Long-lived hacker mag shuts down
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Thread: Long-lived hacker mag shuts down

  1. #1
    Senior Member
    Join Date
    Feb 2003

    Long-lived hacker mag shuts down

    Long-lived hacker mag shuts down

    Hacker magazine Phrack is to close its doors after almost 20 years serving the darker side of the Internet and communications community.

    Yet the antivirus and security industries are coming out to say they will be sorry to see the back of the title that was run by, and for the benefit of, those they seek to thwart.

    In its earliest days, the magazine dealt with issues such as phone "phreaking," or cracking the telephone networks to make long-distance calls, for example. In later times, it became a community space for those writing malicious code and sharing exploit information.

    Its popularity was a bonus for those involved in the war against cybercrime, and its disappearance will remove the most immediate insight into the thinking of the hacker community.

    Pete Simpson, ThreatLab manager at security company Clearswift, said he is very surprised to see Phrack disappear. He added that a world without the journal is actually less secure.

    "Phrack's visibility was a blessing in disguise, pretty much in the same way as the Full Disclosure community," Simpson said, referring to the unmoderated Full Disclosure forum for disclosure of security information.

    In the past, some hackers have brought about their own downfall by feeling the need to brag about what they have done and what they are capable of. The loss of Phrack will certainly remove a coveted platform.

    But Simpson believes something else will inevitably come in to fill the gap left behind.

    "If Phrack as an organ does disappear, then I would expect new outlets to pop up and fill the information void," Simpson said. "There must be younger hackers able and willing to take up the mantle."

    Simon Perry, a security strategy executive at Computer Associates International, said: "Phrack closing its doors does reduce some visibility into the thoughts of the 'dark side.'"

    read the rest of the article here:

  2. #2
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    Aug 2004

  3. #3
    Senior Member kr5kernel's Avatar
    Join Date
    Mar 2004
    Truely a sad day, but perhaps some of the contributors to phrack will start writing to 2600 or blacklist 411.

    I think the platform spoken of above still exists, but phrack is definitly a time old technical mag that will be greatly missed. Out of the ashes though can only come something else.
    (kr5kernel at hotmail dot com)
    Linux: Making Penguins Cool Since 1994.

  4. #4
    Senior Member
    Join Date
    Jul 2002
    Site sucked anyway...

    Every now and then, one of you won't annoy me.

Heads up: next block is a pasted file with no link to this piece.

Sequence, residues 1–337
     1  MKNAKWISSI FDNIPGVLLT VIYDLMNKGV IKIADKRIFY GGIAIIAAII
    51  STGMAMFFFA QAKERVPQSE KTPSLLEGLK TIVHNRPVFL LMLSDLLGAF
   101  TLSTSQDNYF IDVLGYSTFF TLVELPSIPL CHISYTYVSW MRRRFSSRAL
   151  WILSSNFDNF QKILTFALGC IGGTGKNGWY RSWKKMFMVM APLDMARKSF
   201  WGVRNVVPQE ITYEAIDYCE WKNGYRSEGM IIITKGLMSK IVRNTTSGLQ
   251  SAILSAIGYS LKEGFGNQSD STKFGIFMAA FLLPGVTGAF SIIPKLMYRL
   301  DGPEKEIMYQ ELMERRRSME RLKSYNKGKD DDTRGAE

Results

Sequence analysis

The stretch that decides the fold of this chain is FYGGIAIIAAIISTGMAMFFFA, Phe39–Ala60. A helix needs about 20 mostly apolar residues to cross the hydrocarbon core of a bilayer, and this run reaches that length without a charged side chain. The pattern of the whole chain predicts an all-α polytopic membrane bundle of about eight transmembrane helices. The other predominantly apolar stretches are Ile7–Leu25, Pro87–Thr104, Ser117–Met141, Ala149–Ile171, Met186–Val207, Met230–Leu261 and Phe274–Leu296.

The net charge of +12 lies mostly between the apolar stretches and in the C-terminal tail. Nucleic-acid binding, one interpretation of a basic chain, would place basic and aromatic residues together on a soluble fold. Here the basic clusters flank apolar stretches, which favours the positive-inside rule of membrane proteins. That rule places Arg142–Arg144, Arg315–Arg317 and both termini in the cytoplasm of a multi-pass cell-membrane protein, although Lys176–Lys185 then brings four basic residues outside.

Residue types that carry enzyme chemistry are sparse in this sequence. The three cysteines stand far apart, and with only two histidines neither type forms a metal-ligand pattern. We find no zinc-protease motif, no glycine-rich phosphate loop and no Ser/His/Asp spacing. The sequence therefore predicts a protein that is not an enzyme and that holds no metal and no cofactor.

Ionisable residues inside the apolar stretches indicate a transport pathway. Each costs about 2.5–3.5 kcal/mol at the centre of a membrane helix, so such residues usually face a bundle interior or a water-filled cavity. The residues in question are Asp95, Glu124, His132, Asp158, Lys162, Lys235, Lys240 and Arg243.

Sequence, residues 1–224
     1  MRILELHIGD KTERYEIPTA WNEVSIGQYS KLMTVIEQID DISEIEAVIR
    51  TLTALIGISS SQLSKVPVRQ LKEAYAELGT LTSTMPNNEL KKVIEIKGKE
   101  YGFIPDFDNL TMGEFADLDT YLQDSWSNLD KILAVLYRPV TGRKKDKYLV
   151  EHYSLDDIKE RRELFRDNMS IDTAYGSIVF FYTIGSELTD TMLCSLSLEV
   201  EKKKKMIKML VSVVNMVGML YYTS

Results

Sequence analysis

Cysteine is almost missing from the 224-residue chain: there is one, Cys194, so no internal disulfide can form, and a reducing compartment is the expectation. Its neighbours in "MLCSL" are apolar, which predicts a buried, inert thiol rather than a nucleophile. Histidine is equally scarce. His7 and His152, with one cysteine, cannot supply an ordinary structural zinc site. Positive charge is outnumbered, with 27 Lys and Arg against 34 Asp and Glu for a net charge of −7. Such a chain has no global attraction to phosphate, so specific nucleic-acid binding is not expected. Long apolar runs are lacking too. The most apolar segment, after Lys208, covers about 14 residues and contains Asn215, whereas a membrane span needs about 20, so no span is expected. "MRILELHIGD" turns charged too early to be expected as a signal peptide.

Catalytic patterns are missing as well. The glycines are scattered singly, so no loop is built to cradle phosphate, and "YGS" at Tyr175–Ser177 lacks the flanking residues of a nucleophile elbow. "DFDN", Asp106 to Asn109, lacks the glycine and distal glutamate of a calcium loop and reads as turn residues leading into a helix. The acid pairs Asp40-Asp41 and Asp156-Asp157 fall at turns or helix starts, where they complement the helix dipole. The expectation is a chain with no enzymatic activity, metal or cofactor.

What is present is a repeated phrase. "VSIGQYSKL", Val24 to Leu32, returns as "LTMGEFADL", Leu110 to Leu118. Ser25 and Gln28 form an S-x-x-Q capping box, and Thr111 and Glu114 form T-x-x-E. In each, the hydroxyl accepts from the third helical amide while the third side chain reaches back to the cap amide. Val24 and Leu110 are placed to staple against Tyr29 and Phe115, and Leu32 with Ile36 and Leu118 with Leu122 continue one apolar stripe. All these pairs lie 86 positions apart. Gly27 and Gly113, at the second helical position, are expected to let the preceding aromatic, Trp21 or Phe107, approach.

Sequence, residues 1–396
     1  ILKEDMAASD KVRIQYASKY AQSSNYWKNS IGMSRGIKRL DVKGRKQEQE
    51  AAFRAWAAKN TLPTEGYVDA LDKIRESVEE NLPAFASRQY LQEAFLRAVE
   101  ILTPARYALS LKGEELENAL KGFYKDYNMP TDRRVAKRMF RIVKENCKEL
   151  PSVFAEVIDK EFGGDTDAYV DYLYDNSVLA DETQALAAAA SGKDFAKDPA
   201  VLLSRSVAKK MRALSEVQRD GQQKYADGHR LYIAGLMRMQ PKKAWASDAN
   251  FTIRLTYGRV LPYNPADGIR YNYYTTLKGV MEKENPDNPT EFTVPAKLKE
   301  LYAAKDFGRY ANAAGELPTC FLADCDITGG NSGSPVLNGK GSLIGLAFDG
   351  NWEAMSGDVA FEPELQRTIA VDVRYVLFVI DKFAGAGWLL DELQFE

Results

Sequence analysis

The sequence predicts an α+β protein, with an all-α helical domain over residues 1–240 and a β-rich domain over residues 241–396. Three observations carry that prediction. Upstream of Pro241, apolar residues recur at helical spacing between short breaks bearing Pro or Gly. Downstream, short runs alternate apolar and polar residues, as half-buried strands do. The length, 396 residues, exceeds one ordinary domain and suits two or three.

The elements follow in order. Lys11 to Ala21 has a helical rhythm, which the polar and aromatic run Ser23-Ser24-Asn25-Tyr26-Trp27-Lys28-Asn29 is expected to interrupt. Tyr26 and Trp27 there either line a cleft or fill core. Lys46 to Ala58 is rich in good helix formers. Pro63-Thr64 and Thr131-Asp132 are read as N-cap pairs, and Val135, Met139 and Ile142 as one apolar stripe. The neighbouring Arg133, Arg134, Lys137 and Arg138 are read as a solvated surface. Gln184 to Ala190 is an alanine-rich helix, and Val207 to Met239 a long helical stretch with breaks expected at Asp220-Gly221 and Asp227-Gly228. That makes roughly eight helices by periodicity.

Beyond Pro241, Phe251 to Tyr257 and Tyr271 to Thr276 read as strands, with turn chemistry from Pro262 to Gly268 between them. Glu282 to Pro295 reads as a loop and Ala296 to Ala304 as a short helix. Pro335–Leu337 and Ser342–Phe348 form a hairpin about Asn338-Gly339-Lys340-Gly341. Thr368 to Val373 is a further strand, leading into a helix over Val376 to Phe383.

5. #5
    Join Date
    Jan 2005
    Interesting. I've heard of Phrack, but since I'm still new to this particular field, I hadn't yet gotten around to checking it out. Its a pity that they're stopping; I enjoy reading similar publications because they provide insight in to those who may one day try to compromise my system (and some of the articles are just plain funny!)
    \"The future stretches out before us, uncharted. Find the open road and look back with a sense of wonder. How pregnant this moment in time. How mysterious the path ahead. Now, step forward.\"
    Phillip Toshio Sudo, Zen Computer
    Have faith, but lock your door.

  6. #6
    Senior Member
    Join Date
    Jul 2003
    Phrack is what made me explore the lower depths of a computer, some of the earlier articles are a little cringe worthy, but the later articles (except the "radio hacking") are generally very very good, Here I knocked up some python to download all phrack issues from 1 to 62, you'll need to alter the code for the latest one when it goes up :-)

    import urllib
    address = 'http://www.phrack.org/archives/phrack'
    issues = 62
    extension = '.tar.gz'
    initial = 0
    name = 'phrack'
    i = 1
    for i in range(issues):
    	if i < 10:
    		i = i+1		
    		link = "%s%d%d%s" % (address, initial, i, extension) 
      		f = urllib.urlopen(link)
    		fname = "%s%d%d%s" % (name, 0, i, extension)
    	elif i >= 10:
    		i = i + 1
    		link = "%s%d%s" % (address, i, extension) 
      		f = urllib.urlopen(link)
    		fname = "%s%d%s" % (name, i, extension)
    its a quick hack, i know where the faults are, but it does the job, hope you like


  7. #7
    Senior Member DakX's Avatar
    Join Date
    Jul 2005
    Although I have heard from it I have to admit i never read it. But it stillsad to see a good magazine to shut down.
    Nice code i2c, i am just starting with python but it doesn't look liek it has any flaws.
    [T]he future is now.

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